2010 November 29 Monday
Germany Debates Euro Break-Up

Occasionally the unthinkable becomes thinkable.

"What would really happen if the euro collapsed?" Jens Witte of Der Spiegel news magazine wrote. "Would it truly herald a return to the good old days to the much-revered deutsche mark?" Or might it lead instead, he asked, to an era of "chaos and economic depression?"

With more European countries going broke what now?

"The question 'what now?' has become the fundamental question at the heart of Europe," the conservative daily Die Welt wrote in a commentary Monday in which it passionately argued that the government would soon have little choice but to rethink the future of the single currency and its loyalty to the euro.

A Reuters analysis takes the possibility seriously.

Eventually one or more countries decide enough is enough and break away or are forced out, reintroducing the national currencies they used before tying their fate to Europe's audacious economic and monetary union.

Unthinkable only a few weeks ago, a small but growing number of experts now believe some version of this nightmare scenario could become a reality for the euro zone if policymakers fail to unite behind a more forceful strategy for saving the euro and address investor concerns about fiscal and economic imbalances.

Imagine the alternative: All the Euro zone countries remain in the Euro. I do not see how they can do that without defaulting on some of their debts. Can the Euro monetary union survive sovereign defaults by some of its members?

What I haven't seen discussed yet: A return to a couple dozen currencies does not make sense. So should the Euro zone break into 2 or 3 zones? Or will the break-up be too sudden and chaotic to allow that to happen? Germany was the obvious core of the Euro and could form the core of a currency union that would also include the Netherlands, Austria, and a few other countries. But which country could serve as an alternative core for a Euro 2 currency? Would France break away with Italy and Spain? Or would France stay in a union with Germany?

European governments and business elites have a lot emotionally, intellectually, and in reputation invested in the Euro. They won't give it up easily. But if Peak Oil hits hard as I expect in the next 10 years then the financial conditions of the weakest Euro members will become so bad that the only way the Euro zone will be able to stay intact will be with debt default and restructuring by some Euro zone members.

Share |      By Randall Parker at 2010 November 29 09:37 PM  Europe Monetary Union

Thomas said at November 30, 2010 3:04 AM:

I really don't think this break-up will happen. The elites investment in the project is one reason. But even without that, the sharply appreciating new currency would be highly disruptive for the export oriented german industry. No one in power would wanna be responsible for that. Then there's long term geopolitics to consider. Always better to be many than to be few. Especially with big daddy US in decline and all that.
WAY more attractive for our beloved eurocrats is a stronger political union and less national sovereignty. This is a stated goal anyway and the current crisis is the perfect pretext to push this through ahead of schedule. The few hundred billion it will cost are just the cost of doing business and compared to a good old war it really is an empire on the cheap. I for one have nothing but admiration for how beautiful the execution is.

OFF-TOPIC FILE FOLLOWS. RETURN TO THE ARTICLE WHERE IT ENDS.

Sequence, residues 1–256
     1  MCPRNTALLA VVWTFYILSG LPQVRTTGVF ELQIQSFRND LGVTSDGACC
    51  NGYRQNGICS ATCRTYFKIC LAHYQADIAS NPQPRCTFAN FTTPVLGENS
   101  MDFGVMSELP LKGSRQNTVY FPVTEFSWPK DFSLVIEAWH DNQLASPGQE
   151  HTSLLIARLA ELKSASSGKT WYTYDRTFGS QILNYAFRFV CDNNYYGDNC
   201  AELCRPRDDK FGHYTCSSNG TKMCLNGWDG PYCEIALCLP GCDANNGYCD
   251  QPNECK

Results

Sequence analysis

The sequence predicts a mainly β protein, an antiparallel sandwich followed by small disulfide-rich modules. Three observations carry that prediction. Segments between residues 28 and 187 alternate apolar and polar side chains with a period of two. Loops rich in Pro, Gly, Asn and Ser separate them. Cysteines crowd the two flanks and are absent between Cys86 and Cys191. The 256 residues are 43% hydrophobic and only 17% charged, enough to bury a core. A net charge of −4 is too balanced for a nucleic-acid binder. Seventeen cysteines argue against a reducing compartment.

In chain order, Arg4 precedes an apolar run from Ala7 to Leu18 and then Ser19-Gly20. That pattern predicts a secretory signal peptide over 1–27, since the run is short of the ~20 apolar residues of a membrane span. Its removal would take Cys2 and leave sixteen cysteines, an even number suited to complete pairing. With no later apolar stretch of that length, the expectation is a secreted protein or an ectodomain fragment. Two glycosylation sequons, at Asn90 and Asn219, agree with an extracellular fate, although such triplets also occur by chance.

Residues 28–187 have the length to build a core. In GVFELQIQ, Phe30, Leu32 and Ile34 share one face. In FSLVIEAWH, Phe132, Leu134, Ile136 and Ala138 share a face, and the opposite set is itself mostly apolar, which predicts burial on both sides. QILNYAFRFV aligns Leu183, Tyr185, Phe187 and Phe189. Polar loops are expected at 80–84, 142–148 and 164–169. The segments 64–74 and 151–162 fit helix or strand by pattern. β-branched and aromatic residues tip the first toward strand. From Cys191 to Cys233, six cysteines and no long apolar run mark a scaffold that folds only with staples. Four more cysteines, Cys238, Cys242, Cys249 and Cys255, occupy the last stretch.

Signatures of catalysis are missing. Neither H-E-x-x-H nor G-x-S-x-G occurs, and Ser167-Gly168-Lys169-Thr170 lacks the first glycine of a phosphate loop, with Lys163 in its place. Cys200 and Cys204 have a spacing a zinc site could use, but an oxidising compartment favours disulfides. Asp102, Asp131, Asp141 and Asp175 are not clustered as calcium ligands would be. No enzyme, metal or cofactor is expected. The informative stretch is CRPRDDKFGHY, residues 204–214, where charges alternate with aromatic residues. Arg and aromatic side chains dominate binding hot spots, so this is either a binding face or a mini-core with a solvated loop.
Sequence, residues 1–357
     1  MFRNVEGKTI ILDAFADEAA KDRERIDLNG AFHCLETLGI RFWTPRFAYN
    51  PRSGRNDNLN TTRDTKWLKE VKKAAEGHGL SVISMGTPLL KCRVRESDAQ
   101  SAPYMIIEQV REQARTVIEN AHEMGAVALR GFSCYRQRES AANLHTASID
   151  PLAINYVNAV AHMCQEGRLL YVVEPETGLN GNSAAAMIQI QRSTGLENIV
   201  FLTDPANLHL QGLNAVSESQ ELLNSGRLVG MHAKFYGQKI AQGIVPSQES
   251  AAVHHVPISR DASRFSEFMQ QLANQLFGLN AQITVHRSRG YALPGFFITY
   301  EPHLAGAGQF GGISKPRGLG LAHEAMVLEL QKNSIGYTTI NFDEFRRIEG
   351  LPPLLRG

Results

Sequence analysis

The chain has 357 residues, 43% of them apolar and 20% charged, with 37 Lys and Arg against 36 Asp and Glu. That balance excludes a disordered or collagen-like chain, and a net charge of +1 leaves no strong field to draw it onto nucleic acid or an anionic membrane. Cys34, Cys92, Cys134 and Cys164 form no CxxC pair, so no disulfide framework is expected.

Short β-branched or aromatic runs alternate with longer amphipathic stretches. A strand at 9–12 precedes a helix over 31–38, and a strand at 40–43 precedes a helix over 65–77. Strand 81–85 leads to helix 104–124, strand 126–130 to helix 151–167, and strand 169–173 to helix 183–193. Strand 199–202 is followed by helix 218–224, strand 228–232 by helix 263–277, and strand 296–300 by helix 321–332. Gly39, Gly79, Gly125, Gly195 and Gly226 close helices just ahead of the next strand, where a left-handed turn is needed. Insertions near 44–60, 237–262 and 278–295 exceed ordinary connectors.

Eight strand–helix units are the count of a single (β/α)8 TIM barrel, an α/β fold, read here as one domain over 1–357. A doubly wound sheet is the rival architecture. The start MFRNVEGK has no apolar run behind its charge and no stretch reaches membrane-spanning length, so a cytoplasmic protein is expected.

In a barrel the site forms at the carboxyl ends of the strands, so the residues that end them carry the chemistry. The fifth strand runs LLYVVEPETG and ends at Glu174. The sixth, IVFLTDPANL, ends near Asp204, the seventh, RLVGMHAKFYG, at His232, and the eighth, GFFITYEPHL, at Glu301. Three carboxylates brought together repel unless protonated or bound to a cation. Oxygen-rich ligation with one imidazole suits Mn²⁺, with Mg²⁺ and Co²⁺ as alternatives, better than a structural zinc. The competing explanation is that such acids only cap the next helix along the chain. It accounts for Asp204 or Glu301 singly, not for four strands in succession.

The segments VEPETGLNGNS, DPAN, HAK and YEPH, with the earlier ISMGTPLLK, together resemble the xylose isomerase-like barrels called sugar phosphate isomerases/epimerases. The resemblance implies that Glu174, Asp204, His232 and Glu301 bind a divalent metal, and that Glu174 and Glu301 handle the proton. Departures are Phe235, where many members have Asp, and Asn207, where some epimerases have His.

A.Prole said at November 30, 2010 6:51 AM:

The euro is purely and simply a political currency designed for purely political reasons - it has absolutely nothing wahtsoever to do with rationality (intellectual or economic), therefore it is bound to collapse catastrophically sooner or later.
It is and was a vanity project pushed forward by insuffereably pompous and shallow politicians using the profoundly undemocratic and unrepresentative totalitarian dictatorship of the EU's command structures to force it on the 'peasants'.
The euro and its attendent preparations forced 30 years of economic stagnation on Europe in its initial set-up - incidentally the low birth rates engendered by that stagnation WILL ensure the death of Europe in the most meaningful way, ironically.
Its collape will cause more tears.
A thoroughly wicked, evil and stupid, stupid idea.But alas, it's all the result of political vannity THE most destructive force in the univers.
Only massive, uncontrolled non-white immigration into Europe #another elitist idea# is even more wicked and evil.

fbj said at November 30, 2010 2:30 PM:

I live in non-euro Sweden so....GO GO GERMANY, BRING IT ON!

HK said at November 30, 2010 3:56 PM:

"But even without that, the sharply appreciating new currency would be highly disruptive for the export oriented german industry. No one in power would wanna be responsible for that

Germany won't sell anything...

Mike said at December 3, 2010 5:51 PM:

The recent problems with the Eurozone have largely come about by trying to combine the rich north with the less industrialised southern and eastern European states. When the EU was smaller it worked a lot better. It seems likely there will be a downsizing rather than a complete break-up.

The eurozone will probably shrink back to it original core states of Germany, France, Austria and the low countries, with perhaps Italy and Hungary staying in from among the southern and eastern states. Countries like Greece and Portugal which rely heavily on tourism from the other EU states would be better off outside it.

Having the odd economically weaker state in the Eurozone benefits Germany in terms of helping keep the Euro lower, but having numerous weaker states means the Germany and the other strong states will be constantly having to bail out weaker economies.

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